CNBC’s Phil LeBeau takes a look at how Elon Musk is changing the way consumers buy cars and the auto industry finances vehicles.
Since the financial crisis, Warren Buffett's Berkshire Hathaway has had significant exposure to financial stocks in its portfolio. Q1 2021 hedge fund letters, conferences and more At the end of March this year, Bank of America accounted for nearly 15% of the conglomerate's vast equity portfolio. Until very recently, Wells Fargo was also a prominent Read More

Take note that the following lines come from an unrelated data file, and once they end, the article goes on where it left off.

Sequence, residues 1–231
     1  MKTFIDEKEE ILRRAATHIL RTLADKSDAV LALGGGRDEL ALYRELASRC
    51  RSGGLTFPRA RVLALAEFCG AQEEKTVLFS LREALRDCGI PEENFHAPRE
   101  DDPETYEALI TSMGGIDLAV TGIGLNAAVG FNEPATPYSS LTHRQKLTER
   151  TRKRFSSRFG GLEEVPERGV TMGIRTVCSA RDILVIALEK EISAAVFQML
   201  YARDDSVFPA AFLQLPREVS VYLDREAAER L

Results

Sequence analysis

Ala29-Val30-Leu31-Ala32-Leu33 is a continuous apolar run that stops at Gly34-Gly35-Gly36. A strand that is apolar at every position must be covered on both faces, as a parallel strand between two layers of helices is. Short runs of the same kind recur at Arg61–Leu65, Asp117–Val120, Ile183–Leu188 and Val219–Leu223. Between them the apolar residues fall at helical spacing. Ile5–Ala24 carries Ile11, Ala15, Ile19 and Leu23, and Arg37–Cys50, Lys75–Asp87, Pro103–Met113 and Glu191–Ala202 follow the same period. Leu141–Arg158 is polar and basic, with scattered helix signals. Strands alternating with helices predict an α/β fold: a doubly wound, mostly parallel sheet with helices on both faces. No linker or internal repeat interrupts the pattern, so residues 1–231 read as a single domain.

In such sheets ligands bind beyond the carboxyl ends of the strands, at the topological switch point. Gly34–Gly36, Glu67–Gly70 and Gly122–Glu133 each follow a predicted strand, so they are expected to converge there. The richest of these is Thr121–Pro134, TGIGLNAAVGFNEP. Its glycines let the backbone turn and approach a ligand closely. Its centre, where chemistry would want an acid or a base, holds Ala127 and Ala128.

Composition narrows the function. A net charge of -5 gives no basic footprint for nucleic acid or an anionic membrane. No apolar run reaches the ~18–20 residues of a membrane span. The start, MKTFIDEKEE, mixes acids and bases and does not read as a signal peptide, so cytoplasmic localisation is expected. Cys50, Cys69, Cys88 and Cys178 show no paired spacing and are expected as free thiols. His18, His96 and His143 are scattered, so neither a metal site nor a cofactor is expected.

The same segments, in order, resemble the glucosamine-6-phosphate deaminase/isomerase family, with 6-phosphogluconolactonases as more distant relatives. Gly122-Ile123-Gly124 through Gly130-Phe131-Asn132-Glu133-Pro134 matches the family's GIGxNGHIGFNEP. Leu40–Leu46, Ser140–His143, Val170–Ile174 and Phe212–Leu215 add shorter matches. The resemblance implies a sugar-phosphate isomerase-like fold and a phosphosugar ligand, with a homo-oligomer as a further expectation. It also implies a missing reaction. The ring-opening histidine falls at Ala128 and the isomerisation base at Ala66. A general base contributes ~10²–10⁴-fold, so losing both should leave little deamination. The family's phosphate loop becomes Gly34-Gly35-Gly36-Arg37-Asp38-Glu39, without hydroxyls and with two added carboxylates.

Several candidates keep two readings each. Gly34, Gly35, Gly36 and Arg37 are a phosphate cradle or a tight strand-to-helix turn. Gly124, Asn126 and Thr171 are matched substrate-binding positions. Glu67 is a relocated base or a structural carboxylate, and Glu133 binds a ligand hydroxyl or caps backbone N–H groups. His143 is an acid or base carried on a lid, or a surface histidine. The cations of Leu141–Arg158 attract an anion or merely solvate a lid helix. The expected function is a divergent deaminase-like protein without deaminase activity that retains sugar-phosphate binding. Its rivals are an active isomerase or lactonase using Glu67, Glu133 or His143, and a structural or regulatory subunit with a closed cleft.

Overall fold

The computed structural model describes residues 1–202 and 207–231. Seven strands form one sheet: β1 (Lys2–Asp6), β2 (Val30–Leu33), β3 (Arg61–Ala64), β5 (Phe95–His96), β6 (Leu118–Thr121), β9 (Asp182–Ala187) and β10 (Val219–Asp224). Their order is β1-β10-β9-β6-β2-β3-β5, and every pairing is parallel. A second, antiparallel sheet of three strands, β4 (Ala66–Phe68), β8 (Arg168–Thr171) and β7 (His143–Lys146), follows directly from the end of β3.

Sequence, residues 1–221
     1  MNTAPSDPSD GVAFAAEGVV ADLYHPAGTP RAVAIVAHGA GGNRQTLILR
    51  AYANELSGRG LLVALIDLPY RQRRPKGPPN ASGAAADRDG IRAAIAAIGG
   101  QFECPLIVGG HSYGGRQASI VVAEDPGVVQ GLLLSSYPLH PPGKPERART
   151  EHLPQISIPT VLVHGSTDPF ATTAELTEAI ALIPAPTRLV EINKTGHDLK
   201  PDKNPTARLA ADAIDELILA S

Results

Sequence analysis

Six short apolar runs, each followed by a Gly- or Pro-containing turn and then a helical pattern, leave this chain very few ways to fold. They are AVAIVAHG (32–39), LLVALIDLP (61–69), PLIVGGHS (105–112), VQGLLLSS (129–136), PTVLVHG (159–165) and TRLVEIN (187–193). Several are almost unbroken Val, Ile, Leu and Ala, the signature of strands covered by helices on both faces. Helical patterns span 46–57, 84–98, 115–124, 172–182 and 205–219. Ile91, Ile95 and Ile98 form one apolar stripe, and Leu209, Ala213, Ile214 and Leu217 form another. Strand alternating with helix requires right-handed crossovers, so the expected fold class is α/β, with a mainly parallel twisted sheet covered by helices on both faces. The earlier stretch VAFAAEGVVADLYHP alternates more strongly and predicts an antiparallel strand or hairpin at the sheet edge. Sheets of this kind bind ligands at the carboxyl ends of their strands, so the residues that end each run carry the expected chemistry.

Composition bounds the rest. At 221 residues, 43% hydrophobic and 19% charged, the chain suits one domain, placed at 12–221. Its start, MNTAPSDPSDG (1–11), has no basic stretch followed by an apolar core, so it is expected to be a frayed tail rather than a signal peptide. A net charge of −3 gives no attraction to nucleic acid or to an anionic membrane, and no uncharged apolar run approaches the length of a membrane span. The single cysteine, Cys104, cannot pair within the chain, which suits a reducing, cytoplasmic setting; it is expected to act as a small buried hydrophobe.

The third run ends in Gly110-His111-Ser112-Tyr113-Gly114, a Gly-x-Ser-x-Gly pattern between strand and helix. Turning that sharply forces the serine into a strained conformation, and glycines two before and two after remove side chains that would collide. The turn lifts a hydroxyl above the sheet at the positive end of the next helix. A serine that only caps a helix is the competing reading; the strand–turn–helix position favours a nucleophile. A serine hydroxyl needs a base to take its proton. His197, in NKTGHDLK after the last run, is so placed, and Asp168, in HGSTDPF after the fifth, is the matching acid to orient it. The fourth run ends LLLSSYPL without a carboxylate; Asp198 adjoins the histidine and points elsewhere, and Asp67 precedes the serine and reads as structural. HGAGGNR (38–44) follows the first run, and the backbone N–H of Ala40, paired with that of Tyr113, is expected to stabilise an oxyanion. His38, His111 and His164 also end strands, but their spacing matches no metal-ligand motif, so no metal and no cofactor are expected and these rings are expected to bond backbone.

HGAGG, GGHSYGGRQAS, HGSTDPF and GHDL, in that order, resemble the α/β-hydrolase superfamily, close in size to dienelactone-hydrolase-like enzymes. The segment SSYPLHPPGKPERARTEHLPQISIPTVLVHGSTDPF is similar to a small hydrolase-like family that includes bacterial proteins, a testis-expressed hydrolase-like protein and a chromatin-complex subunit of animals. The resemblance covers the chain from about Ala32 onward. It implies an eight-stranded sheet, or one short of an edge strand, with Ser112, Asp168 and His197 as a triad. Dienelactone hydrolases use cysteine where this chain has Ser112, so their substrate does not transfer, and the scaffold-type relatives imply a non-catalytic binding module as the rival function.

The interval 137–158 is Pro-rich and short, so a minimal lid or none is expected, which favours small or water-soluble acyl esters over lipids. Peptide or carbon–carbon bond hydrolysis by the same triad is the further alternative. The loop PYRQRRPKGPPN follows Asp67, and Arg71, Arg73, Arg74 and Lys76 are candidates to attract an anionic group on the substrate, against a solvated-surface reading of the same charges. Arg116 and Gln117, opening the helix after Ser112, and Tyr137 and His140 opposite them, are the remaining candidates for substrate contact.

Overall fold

of elon musk. i want to be in the middle of a battle. he’s challenging conventional wisdom, showing the world cars can go electric. he has brought to the american consciousness a thought that, in fact, electric vehicles can exist. not only exist, but sell in big numbers. more than 20,000 this year, attracting buyers with unique styling and the allure of almost 300 miles on a single charge. in some respects, tesla is the equivalent of the moon shot, where really he and tesla are pushing the paradigms of the industry in terms of how they develop the vehicle. interestingingly enough, the industry is learning some lessons. tesla has earned a profit by charging a premium. tesla is building a recharging network coast to coast. and critics said tesla is a one-trick pony, but musk has lined up orders for the model crossover utility vehicle coming next year. whether or not he’s going to be successful within i don’t know. i personally believe he’s going to run out of money. i personally believe he needs more product. now musk is changing how cars are sold. for decades, automakers have gone through dealers, but tel tesla is cussing them out, opening stores in malls. auto dealers have been fighting musk saying he’s a threat to their companies. and in some cases, they’ve won, blocking tesla from selling directly to customers in certain states. but just a few yrs after many considered musk a zant story, musk is making many of those people think twice. coming up, two entrepreneurs disrupting the world of retail